SwePub
Sök i SwePub databas

  Utökad sökning

Träfflista för sökning "WFRF:(Cannon Dara M.) "

Sökning: WFRF:(Cannon Dara M.)

  • Resultat 1-10 av 11
  • [1]2Nästa
Sortera/gruppera träfflistan
   
NumreringReferensOmslagsbildHitta
1.
  • Adams, Hieab H. H., et al. (författare)
  • Novel genetic loci underlying human intracranial volume identified through genome-wide association
  • 2016
  • Ingår i: Nature Neuroscience. - 1097-6256 .- 1546-1726. ; 19:12, s. 1569-1582
  • Tidskriftsartikel (refereegranskat)abstract
    • Intracranial volume reflects the maximally attained brain size during development, and remains stable with loss of tissue in late life. It is highly heritable, but the underlying genes remain largely undetermined. In a genome-wide association study of 32,438 adults, we discovered five previously unknown loci for intracranial volume and confirmed two known signals. Four of the loci were also associated with adult human stature, but these remained associated with intracranial volume after adjusting for height. We found a high genetic correlation with child head circumference (rho(genetic) = 0.748), which indicates a similar genetic background and allowed us to identify four additional loci through meta-analysis (N-combined = 37,345). Variants for intracranial volume were also related to childhood and adult cognitive function, and Parkinson's disease, and were enriched near genes involved in growth pathways, including PI3K-AKT signaling. These findings identify the biological underpinnings of intracranial volume and their link to physiological and pathological traits.
  •  
2.
  • Hibar, Derrek P., et al. (författare)
  • Novel genetic loci associated with hippocampal volume
  • 2017
  • Ingår i: Nature Communications. - 2041-1723 .- 2041-1723. ; 8
  • Tidskriftsartikel (refereegranskat)abstract
    • The hippocampal formation is a brain structure integrally involved in episodic memory, spatial navigation, cognition and stress responsiveness. Structural abnormalities in hippocampal volume and shape are found in several common neuropsychiatric disorders. To identify the genetic underpinnings of hippocampal structure here we perform a genome-wide association study (GWAS) of 33,536 individuals and discover six independent loci significantly associated with hippocampal volume, four of them novel. Of the novel loci, three lie within genes (ASTN2, DPP4 and MAST4) and one is found 200 kb upstream of SHH. A hippocampal subfield analysis shows that a locus within the MSRB3 gene shows evidence of a localized effect along the dentate gyrus, subiculum, CA1 and fissure. Further, we show that genetic variants associated with decreased hippocampal volume are also associated with increased risk for Alzheimer's disease (r(g) = -0.155). Our findings suggest novel biological pathways through which human genetic variation influences hippocampal volume and risk for neuropsychiatric illness.
  •  
3.
  • Hibar, Derrek P., et al. (författare)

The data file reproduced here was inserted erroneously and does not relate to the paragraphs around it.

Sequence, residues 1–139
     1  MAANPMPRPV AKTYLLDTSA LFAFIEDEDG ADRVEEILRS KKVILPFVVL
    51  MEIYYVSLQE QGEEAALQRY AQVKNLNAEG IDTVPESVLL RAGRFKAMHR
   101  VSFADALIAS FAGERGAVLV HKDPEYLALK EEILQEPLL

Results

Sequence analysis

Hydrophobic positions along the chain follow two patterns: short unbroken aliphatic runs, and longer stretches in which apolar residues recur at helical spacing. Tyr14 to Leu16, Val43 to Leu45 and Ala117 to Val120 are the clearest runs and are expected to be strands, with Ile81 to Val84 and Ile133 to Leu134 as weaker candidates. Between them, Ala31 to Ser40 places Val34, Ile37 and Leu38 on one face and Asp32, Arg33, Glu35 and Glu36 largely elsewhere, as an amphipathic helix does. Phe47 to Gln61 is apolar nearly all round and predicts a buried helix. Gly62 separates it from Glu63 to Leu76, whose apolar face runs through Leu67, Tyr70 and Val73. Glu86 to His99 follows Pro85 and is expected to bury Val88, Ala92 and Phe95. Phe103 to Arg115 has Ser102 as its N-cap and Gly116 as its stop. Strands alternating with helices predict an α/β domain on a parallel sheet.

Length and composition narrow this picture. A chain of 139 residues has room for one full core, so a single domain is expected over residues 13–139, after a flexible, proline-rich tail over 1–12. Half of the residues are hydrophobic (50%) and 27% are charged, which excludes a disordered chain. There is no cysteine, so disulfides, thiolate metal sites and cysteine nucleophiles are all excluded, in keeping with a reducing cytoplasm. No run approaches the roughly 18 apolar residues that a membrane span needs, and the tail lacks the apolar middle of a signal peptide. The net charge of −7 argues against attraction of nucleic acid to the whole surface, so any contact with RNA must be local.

• Common genetic variants influence human subcortical brain structures
  • 2015
  • Ingår i: Nature. - 0028-0836 .- 1476-4687. ; 520:7546, s. 224-U216
  • Tidskriftsartikel (refereegranskat)abstract
    • The highly complex structure of the human brain is strongly shaped by genetic influences(1). Subcortical brain regions form circuits with cortical areas to coordinate movement(2), learning, memory(3) and motivation(4), and altered circuits can lead to abnormal behaviour and disease(5). To investigate how common genetic variants affect the structure of these brain regions, here we conduct genome-wide association studies of the volumes of seven subcortical regions and the intracranial volume derived from magnetic resonance images of 30,717 individuals from 50 cohorts. We identify five novel genetic variants influencing the volumes of the putamen and caudate nucleus. We also find stronger evidence for three loci with previously established influences on hippocampal volume(5) and intracranial volume(6). These variants show specific volumetric effects on brain structures rather than global effects across structures. The strongest effects were found for the putamen, where a novel intergenic locus with replicable influence on volume (rs945270; P = 1.08 X 10(-33); 0.52% variance explained) showed evidence of altering the expression of the KTN1 gene in both brain and blood tissue. Variants influencing putamen volume clustered near developmental genes that regulate apoptosis, axon guidance and vesicle transport. Identification of these genetic variants provides insight into the causes of variability in human brain development, and may help to determine mechanisms of neuropsychiatric dysfunction.
  •  
4.
  • Thompson, Paul M., et al. (författare)
  • The ENIGMA Consortium : large-scale collaborative analyses of neuroimaging and genetic data
  • 2014
  • Ingår i: BRAIN IMAGING BEHAV. - 1931-7557 .- 1931-7565. ; 8:2, s. 153-182
  • Tidskriftsartikel (refereegranskat)abstract
    • The Enhancing NeuroImaging Genetics through Meta-Analysis (ENIGMA) Consortium is a collaborative network of researchers working together on a range of large-scale studies that integrate data from 70 institutions worldwide. Organized into Working Groups that tackle questions in neuroscience, genetics, and medicine, ENIGMA studies have analyzed neuroimaging data from over 12,826 subjects. In addition, data from 12,171 individuals were provided by the CHARGE consortium for replication of findings, in a total of 24,997 subjects. By meta-analyzing results from many sites, ENIGMA has detected factors that affect the brain that no individual site could detect on its own, and that require larger numbers of subjects than any individual neuroimaging study has currently collected. ENIGMA's first project was a genome-wide association study identifying common variants in the genome associated with hippocampal volume or intracranial volume. Continuing work is exploring genetic associations with subcortical volumes (ENIGMA2) and white matter microstructure (ENIGMA-DTI). Working groups also focus on understanding how schizophrenia, bipolar illness, major depression and attention deficit/hyperactivity disorder (ADHD) affect the brain. We review the current progress of the ENIGMA Consortium, along with challenges and unexpected discoveries made on the way.